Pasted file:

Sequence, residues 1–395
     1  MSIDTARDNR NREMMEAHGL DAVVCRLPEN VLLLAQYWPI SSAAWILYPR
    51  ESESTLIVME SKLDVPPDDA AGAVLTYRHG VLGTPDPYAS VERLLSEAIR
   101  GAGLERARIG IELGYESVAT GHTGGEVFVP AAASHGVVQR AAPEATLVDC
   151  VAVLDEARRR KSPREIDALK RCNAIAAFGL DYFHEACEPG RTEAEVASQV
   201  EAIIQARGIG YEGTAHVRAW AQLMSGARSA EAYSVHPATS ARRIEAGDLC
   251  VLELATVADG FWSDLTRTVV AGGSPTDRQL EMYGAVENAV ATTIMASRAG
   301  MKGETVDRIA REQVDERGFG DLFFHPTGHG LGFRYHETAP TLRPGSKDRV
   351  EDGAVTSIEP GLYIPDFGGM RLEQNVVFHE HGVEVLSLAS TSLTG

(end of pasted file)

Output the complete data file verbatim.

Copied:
Sequence, residues 1–395
     1  MSIDTARDNR NREMMEAHGL DAVVCRLPEN VLLLAQYWPI SSAAWILYPR
    51  ESESTLIVME SKLDVPPDDA AGAVLTYRHG VLGTPDPYAS VERLLSEAIR
   101  GAGLERARIG IELGYESVAT GHTGGEVFVP AAASHGVVQR AAPEATLVDC
   151  VAVLDEARRR KSPREIDALK RCNAIAAFGL DYFHEACEPG RTEAEVASQV
   201  EAIIQARGIG YEGTAHVRAW AQLMSGARSA EAYSVHPATS ARRIEAGDLC
   251  VLELATVADG FWSDLTRTVV AGGSPTDRQL EMYGAVENAV ATTIMASRAG
   301  MKGETVDRIA REQVDERGFG DLFFHPTGHG LGFRYHETAP TLRPGSKDRV
   351  EDGAVTSIEP GLYIPDFGGM RLEQNVVFHE HGVEVLSLAS TSLTG